Diabetes can be grouped into four major categories (T.a,bl.e...,2Q.9.-1).1 Type 1 diabetes [older terminology: insulin-dependent diabetes mellitus (IDDM) or juvenile-onset diabetes mellitus (JODM)] is characterized by an absolute deficiency of insulin secretion. The disease is believed to be primarily autoimmune in nature with a genetic predisposition and a possible link with viral infections or other environmental factors (such as absence of breast-feeding, diet, and factors related to low socioeconomic status) as possible triggers. Individuals with type 1 diabetes require insulin therapy to sustain life and are prone to DKA.
Type 2 diabetes [older terminology: non-insulin-dependent diabetes mellitus (NIDDM) or adult-onset diabetes mellitus (AODM)] represents a combination of resistance to the action of insulin by the target organs and tissues with a relative inadequacy of compensatory insulin secretion. Type 2 diabetes is also believed to have a strong genetic predisposition, although it is clear that lifestyle issues such as diet and exercise can impact the development and severity of the disease. Patients with type 2 diabetes can have a variety of initial presentations ranging from life-threatening HHNS, or complications related to hyperglycemia alone, for years prior to having clinical symptoms of diabetes. Type 2 diabetics often require insulin at some point in their course for adequate glycemic control. The likelihood of insulin requirement increases with duration of disease, with 22 percent needing insulin in the first 4 years to about 60 percent after 20 years.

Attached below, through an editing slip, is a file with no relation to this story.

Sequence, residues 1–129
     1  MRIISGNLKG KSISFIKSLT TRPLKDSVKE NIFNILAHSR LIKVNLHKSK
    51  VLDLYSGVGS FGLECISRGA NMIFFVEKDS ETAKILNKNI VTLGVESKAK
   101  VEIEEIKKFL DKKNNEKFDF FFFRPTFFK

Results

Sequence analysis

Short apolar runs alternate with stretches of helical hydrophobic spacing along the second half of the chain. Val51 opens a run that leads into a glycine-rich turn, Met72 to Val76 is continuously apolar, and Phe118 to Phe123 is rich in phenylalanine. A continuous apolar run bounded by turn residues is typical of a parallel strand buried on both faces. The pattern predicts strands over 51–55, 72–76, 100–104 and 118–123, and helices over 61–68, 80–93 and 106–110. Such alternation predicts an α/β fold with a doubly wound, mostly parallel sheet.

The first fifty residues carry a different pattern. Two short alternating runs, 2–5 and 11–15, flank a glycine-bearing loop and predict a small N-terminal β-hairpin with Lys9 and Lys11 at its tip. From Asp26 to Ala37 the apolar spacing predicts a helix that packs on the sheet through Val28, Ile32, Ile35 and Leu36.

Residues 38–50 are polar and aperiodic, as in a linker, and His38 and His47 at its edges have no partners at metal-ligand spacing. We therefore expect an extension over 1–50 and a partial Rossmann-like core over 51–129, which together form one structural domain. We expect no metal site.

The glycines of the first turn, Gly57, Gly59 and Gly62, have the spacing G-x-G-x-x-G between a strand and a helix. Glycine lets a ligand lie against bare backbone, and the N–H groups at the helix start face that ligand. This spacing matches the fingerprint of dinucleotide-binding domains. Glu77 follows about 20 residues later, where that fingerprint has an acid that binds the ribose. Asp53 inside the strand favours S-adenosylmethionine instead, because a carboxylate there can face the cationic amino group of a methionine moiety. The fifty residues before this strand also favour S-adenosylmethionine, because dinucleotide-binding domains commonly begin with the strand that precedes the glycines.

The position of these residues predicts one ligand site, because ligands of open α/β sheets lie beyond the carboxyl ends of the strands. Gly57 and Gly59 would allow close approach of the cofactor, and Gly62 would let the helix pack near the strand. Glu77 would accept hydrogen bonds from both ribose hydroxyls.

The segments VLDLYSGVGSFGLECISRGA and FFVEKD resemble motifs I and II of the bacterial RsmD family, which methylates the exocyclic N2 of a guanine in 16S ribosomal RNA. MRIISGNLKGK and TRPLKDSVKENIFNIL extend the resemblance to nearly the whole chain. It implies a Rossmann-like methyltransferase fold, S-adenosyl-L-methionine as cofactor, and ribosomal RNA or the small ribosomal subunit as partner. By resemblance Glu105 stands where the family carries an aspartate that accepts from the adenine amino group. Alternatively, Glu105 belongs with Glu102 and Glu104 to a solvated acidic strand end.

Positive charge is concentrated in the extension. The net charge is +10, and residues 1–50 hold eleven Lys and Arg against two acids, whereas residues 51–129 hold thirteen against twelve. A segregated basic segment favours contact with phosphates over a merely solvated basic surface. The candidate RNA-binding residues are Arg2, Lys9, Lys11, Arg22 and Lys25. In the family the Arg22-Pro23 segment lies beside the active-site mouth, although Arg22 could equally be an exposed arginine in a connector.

The third group represents secondary causes for diabetes. Collectively, patients with secondary diabetes represent only about 1 percent of all diabetes cases. The fourth group, gestational diabetes mellitus (GDM), is present only during pregnancy, and complicates about 4 percent of pregnancies in the United States annually (or about 135,000 cases). Excellent glycemic control is essential in preventing fetal cardiac and central nervous system abnormalities, as well as fetal macrosomia. 1
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